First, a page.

Wearable Movement Sensor Suitable for Gait Analysis Outside Lab
The Physilog 5 device was deemed effective at assessing real-life walking patterns
A wearable sensor called Physilog 5 is practical and efficient for monitoring gait in children with Angelman syndrome and in Prader–Willi syndrome (PWS), another rare neurodevelopmental disorder, a small study suggests.
These “real-world” measures “have potential advantages for children with disability, who may have difficulty accessing gait laboratories, and who may not be comfortable being assessed in the laboratory setting,” the researchers wrote.
The study, “Feasibility of wearable technology for ‘real-world’ gait analysis in children with Prader–Willi and Angelman syndromes,” was published in the Journal of Intellectual Disability Research.
Angelman syndrome is a genetic disorder that results in developmental delays, intellectual impairments, and problems with movement. Almost all patients have motor symptoms that may include lack of coordination and balance, spasticity, and tremors. Walking is usually delayed until ages 3–5 in children with Angelman, and their gait can be unsteady and crouched, which causes difficulties or abnormalities with walking.
Developmental delay is also a feature of PWS. Both are caused by changes in genes found in a specific region of the long arm of chromosome 15. Children with PWS usually begin walking at age 2 and may also have problems with gait.
According to researchers, studying walking patterns may be clinically beneficial. By monitoring and identifying gait problems in children with Angelman, doctors may be able to develop strategies to avoid using a wheelchair. “Gait assessments could also be used as an outcome measure in clinical trials,” the researchers wrote.
A study led by researchers in Australia investigated whether walking patterns in children with Angelman and PWS could be assessed outside the lab with the wearable movement sensor Physilog 5. The goal was to compare real-world data with data collected in a lab setting.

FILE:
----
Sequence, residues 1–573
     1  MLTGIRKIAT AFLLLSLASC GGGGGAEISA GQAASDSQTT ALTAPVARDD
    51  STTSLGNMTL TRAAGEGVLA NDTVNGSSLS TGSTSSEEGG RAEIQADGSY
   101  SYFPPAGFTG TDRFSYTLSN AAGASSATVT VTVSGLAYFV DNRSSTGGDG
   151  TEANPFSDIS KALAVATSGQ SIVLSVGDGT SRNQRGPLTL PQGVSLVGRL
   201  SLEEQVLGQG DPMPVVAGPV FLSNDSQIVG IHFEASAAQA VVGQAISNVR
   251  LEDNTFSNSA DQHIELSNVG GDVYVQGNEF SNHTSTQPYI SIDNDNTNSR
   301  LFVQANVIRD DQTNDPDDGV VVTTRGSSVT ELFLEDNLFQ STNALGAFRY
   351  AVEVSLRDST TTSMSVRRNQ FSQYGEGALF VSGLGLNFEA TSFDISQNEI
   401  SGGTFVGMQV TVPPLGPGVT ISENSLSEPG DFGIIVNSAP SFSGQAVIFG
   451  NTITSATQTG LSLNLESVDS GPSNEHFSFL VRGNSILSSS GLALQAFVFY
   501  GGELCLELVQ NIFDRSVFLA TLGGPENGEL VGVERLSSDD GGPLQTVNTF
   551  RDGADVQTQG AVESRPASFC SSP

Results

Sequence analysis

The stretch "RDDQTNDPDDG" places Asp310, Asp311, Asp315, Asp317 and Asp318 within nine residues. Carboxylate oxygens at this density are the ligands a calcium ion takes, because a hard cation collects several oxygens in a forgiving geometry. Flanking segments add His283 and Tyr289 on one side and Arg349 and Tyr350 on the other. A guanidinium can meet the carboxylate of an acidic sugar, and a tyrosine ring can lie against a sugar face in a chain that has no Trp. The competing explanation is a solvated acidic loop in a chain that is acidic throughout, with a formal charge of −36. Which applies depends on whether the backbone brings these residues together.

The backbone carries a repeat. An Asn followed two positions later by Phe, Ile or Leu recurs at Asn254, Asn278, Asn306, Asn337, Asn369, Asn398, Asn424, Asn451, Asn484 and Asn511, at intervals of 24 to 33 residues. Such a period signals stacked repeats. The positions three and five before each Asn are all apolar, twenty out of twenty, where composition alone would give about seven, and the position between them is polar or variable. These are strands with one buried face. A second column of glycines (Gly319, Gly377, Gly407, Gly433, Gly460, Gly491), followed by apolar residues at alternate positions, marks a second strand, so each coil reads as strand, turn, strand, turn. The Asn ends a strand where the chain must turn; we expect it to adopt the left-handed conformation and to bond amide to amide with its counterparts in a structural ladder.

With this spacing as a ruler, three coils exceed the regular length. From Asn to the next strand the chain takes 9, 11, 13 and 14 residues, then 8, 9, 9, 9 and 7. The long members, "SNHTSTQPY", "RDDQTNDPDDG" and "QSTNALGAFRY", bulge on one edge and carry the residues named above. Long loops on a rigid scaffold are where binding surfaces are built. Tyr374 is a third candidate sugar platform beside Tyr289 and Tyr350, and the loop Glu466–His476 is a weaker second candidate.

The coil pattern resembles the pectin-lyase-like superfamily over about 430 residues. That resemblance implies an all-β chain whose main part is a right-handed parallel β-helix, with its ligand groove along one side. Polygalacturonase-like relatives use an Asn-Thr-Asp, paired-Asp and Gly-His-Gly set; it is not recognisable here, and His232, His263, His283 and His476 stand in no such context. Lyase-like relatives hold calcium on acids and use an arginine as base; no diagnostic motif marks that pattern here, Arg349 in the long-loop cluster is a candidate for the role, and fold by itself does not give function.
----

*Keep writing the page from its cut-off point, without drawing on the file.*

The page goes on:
Five children with Angelman and nine with PWS, aged between 6–16, were recruited from a previous study named FREE FX. Participants used Gait Up Physilog 5 movement sensors on their running or leisure shoes that were turned on remotely by the researchers and data was recorded continuously during each assessment.
For Angelman patients, real-world assessments consisted of either assisted short walks at home or at the research center, or an assisted long walk at the hospital.
The team then compared the results for stride time, cadence, stance percentage (indicating a pause), and stride length. Stride time is defined as the time passed between the first contact of two consecutive footsteps of the same foot while stride length is the distance between two successive placements of the same foot.
Results showed all participants were able to complete at least one assessment, demonstrating that using a wearable device to monitor gait was feasible.
Also, three specific gait parameters — mean stance percentage, mean stride length, and stance percentage coefficient of variation — from the real-world tests agreed with those determined as part of a lab setting.
“In conclusion, this study demonstrated that it is feasible to use Physilog wearable to measure gait performance in children with PWS and AS in ‘real-world’ settings,” the researchers wrote, noting their findings support “further research into gait assessment outside the laboratory.”